Effect of non-supply of Enquiry Report to dismissed employee:
Test of prejudice:
When the employee is dismissed or removed from service and the inquiry is set aside because the report is not furnished to him, in some cases the non-furnishing of the report may have prejudiced him gravely while in other cases it may have made no difference to the ultimate punishment awarded to him. Hence to direct reinstatement of the employee with back-wages in all cases is to reduce the rules of justice to a mechanical ritual.
The theory of reasonable opportunity and the principles of natural justice have been evolved to uphold the rule of law and to assist the individual to vindicate his just rights. They are not incantations to be invoked nor rites to be performed on all and sundry occasions. Whether in fact, prejudice has been caused to the employee or not on account of the denial to him of the report, has to be considered on the facts and circumstances of each case. Where, therefore, even after the furnishing of the report, no different consequence would have followed, it would be a perversion of justice to permit the employee to resume duty and to get all the consequential benefits. It amounts to rewarding the dishonest and the guilty and thus to stretching the concept of justice to illogical and exasperating limits. It amounts to an “unnatural expansion of natural justice” which in itself is antithetical to justice.
Hence, in all cases where the enquiry officer’s report is not furnished to the delinquent employee in the disciplinary proceedings, the Courts and Tribunals should cause the copy of the report to be furnished to the aggrieved employee if he has not already secured it before coming to the Court/Tribunal and give the employee an opportunity to show how his or her case was prejudiced because of the non-supply of the report. If after hearing the parties, the Court/Tribunal comes to the conclusion that the non-supply of the report would have made no difference to the ultimate findings and the punishment given, the Court/Tribunal should not interfere with the order of punishment. The Court/Tribunal should not mechanically set aside the order of punishment on the ground that the report was not furnished as is regrettably being done at present. The courts should avoid resorting to short cuts. Since it is the Courts/Tribunals which will apply their judicial mind to the question and give their reasons for setting aside or not setting aside the order of punishment, (and not any internal appellate or revisional authority), there would be neither a breach of the principles of natural justice nor a denial of the reasonable opportunity. It is only if the Court/Tribunal finds that the furnishing of the report would have made a difference to the result in the case that it should set aside the order of punishment.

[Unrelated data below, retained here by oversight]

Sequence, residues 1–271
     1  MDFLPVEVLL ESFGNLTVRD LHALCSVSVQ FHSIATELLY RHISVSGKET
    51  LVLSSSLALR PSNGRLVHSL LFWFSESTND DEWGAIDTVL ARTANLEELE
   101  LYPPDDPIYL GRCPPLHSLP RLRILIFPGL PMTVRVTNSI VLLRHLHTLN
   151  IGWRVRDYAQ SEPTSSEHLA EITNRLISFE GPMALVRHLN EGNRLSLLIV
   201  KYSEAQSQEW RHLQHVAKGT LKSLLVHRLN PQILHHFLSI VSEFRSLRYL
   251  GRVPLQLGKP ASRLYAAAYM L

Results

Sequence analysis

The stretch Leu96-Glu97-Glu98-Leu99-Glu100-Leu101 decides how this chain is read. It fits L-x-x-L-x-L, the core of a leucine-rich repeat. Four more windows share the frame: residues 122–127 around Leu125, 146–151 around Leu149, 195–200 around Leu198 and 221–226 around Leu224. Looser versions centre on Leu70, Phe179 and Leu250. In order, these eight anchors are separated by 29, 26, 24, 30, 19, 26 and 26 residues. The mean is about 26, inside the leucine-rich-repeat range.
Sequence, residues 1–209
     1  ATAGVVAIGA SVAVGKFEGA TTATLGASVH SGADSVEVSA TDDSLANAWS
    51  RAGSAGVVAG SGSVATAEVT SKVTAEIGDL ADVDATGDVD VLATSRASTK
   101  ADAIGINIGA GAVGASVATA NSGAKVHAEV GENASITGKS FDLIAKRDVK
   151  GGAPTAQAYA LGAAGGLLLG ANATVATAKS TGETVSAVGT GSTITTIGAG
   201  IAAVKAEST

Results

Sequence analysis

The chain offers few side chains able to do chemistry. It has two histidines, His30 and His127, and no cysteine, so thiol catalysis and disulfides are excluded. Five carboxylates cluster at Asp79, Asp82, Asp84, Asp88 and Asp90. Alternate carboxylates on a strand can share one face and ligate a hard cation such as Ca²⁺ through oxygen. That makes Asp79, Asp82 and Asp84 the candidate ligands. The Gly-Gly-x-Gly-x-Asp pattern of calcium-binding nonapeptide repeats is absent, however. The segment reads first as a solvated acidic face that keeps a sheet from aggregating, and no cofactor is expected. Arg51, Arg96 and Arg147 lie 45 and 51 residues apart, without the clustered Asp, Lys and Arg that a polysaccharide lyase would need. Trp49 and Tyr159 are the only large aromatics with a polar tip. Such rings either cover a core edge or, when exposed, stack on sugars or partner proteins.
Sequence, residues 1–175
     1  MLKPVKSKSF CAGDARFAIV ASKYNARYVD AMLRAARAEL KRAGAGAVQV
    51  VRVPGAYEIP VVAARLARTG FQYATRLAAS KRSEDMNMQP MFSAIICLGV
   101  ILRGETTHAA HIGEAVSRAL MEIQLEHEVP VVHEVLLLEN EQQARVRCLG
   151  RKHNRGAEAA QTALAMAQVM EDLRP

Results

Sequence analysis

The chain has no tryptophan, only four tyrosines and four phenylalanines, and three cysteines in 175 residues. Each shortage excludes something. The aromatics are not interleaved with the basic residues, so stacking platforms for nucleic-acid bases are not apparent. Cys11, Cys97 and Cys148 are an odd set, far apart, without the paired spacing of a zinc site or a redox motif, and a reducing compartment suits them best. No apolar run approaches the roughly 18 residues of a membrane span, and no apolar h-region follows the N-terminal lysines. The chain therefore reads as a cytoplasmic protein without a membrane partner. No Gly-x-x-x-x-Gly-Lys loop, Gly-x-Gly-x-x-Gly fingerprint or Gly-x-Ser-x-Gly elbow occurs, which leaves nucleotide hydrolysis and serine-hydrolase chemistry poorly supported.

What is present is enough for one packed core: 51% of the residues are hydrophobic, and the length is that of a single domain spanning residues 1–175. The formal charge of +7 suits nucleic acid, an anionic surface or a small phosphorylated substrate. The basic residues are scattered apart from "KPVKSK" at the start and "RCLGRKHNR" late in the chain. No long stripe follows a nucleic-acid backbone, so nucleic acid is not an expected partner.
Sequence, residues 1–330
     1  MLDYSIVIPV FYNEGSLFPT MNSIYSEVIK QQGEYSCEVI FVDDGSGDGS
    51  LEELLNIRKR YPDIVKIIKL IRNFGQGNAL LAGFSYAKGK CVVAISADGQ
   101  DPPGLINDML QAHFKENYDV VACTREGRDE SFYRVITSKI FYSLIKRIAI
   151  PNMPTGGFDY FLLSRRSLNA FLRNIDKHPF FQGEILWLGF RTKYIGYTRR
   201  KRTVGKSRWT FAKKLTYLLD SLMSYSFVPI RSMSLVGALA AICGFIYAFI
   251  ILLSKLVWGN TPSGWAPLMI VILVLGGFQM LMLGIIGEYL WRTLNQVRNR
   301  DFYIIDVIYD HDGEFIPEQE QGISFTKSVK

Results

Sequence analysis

From the aforesaid decisions, it is clear that though supply of report of the inquiry officer is part and parcel of natural justice and must be furnished to the delinquent employee, failure to do so would not automatically result in quashing or setting aside of the order or the order being declared null and void. For that, the delinquent employee has to show “prejudice”. Unless he is able to show that non-supply of report of the inquiry officer has resulted in prejudice or miscarriage of justice, an order of punishment cannot be held to be vitiated. And whether prejudice had been caused to the delinquent employee depends upon the facts and circumstances of each case and no rule of universal application can be laid down.
[ Haryana Financial Corpn. v. Kailash Chandra Ahuja, (2008) 9 SCC 31]
It is clear from the above that mere non-supply of the inquiry report does not automatically warrant reinstatement of the delinquent employee. It is incumbent upon on the delinquent employee to plead and prove that he suffered a serious prejudice due to the non-supply of the inquiry report. We have examined the writ petition filed by the Respondent and we find no pleading regarding any prejudice caused to the Respondent by the non-supply of the inquiry report prior to the issuance of the show cause notice. The Respondent had ample opportunity to submit his version after perusing the report of the inquiry officer. The Respondent utilised the opportunity of placing his response to the inquiry report before the disciplinary authority. The High Court committed an error in allowing the writ petition filed by the Respondent without examining whether any prejudice was caused to the delinquent employee by the supply of the inquiry officer’s report along with the show cause notice. We are satisfied that there was no prejudice caused to the respondent by the supply of the report of the inquiry officer along with the show cause notice. Hence, no useful purpose will be served by a remand to the court below to examine the point of prejudice.
[Source: Uttarakhand Transport … vs Sukhveer Singh, decided by SC on 10 November, 2017]